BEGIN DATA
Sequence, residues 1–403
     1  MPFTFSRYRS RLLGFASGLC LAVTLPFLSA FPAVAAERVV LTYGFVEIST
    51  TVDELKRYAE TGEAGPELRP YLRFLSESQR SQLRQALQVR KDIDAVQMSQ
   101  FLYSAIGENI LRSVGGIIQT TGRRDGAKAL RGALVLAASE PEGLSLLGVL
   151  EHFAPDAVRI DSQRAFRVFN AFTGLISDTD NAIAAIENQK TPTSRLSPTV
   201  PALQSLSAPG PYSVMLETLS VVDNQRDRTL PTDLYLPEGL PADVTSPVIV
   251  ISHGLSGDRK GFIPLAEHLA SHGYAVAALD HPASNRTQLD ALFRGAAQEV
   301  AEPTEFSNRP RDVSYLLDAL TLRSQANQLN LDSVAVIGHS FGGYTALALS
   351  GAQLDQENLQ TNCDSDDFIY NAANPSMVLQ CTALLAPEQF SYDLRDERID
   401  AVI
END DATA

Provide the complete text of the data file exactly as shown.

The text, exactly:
Sequence, residues 1–403
     1  MPFTFSRYRS RLLGFASGLC LAVTLPFLSA FPAVAAERVV LTYGFVEIST
    51  TVDELKRYAE TGEAGPELRP YLRFLSESQR SQLRQALQVR KDIDAVQMSQ
   101  FLYSAIGENI LRSVGGIIQT TGRRDGAKAL RGALVLAASE PEGLSLLGVL
   151  EHFAPDAVRI DSQRAFRVFN AFTGLISDTD NAIAAIENQK TPTSRLSPTV
   201  PALQSLSAPG PYSVMLETLS VVDNQRDRTL PTDLYLPEGL PADVTSPVIV
   251  ISHGLSGDRK GFIPLAEHLA SHGYAVAALD HPASNRTQLD ALFRGAAQEV
   301  AEPTEFSNRP RDVSYLLDAL TLRSQANQLN LDSVAVIGHS FGGYTALALS
   351  GAQLDQENLQ TNCDSDDFIY NAANPSMVLQ CTALLAPEQF SYDLRDERID
   401  AVI